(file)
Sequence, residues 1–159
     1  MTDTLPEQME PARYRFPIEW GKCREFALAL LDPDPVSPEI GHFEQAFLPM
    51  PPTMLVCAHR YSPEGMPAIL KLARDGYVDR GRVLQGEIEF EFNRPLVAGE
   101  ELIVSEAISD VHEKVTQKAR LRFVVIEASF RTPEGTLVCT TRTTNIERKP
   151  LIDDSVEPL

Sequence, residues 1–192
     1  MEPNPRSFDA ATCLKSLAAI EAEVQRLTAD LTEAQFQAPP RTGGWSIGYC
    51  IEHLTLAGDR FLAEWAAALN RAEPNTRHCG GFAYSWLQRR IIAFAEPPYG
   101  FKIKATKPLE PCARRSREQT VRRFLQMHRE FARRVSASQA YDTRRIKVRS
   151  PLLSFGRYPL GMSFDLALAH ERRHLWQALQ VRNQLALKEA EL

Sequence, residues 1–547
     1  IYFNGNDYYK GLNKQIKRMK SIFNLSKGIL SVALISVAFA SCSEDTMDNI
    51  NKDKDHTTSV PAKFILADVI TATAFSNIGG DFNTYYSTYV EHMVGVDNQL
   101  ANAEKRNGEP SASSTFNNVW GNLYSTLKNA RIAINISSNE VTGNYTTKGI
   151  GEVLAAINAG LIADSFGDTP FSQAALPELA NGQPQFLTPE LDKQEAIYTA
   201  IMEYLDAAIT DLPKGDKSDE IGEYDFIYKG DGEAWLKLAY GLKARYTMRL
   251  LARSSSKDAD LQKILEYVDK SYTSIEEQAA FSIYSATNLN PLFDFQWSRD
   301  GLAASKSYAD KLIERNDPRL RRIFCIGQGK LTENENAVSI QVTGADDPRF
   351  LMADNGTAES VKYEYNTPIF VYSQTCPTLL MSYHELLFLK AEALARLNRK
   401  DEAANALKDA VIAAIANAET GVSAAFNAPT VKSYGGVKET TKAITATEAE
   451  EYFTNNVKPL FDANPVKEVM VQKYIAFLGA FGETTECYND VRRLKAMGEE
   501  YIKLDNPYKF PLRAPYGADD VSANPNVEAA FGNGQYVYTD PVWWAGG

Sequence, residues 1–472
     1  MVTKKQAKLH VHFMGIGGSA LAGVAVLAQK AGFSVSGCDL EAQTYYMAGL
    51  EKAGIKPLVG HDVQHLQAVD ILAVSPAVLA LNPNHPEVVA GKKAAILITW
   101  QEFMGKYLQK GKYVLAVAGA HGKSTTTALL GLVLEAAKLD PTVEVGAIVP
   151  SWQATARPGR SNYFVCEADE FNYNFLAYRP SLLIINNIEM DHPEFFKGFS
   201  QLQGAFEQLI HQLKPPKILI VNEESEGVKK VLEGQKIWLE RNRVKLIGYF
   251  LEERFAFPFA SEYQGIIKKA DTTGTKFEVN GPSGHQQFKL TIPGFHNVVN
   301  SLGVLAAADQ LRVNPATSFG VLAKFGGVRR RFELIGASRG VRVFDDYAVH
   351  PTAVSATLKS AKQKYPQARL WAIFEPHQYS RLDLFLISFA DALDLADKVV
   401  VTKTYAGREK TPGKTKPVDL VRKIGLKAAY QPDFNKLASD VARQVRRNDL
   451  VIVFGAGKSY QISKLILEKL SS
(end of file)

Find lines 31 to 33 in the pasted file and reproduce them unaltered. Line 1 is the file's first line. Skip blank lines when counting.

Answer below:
   351  PTAVSATLKS AKQKYPQARL WAIFEPHQYS RLDLFLISFA DALDLADKVV
   401  VTKTYAGREK TPGKTKPVDL VRKIGLKAAY QPDFNKLASD VARQVRRNDL
   451  VIVFGAGKSY QISKLILEKL SS